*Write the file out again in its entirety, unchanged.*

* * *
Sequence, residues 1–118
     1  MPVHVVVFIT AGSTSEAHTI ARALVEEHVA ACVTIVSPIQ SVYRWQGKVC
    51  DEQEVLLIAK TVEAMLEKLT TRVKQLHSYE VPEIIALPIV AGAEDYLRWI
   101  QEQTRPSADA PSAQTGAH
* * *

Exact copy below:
Sequence, residues 1–118
     1  MPVHVVVFIT AGSTSEAHTI ARALVEEHVA ACVTIVSPIQ SVYRWQGKVC
    51  DEQEVLLIAK TVEAMLEKLT TRVKQLHSYE VPEIIALPIV AGAEDYLRWI
   101  QEQTRPSADA PSAQTGAH